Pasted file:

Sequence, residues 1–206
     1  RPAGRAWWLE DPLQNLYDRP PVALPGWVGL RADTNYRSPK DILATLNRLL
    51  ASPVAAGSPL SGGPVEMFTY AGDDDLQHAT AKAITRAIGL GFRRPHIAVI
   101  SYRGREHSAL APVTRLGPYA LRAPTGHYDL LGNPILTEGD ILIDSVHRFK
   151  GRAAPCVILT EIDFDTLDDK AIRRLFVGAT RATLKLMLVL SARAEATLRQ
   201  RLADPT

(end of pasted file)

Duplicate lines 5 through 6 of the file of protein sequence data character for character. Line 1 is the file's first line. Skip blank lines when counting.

   151  GRAAPCVILT EIDFDTLDDK AIRRLFVGAT RATLKLMLVL SARAEATLRQ
   201  RLADPT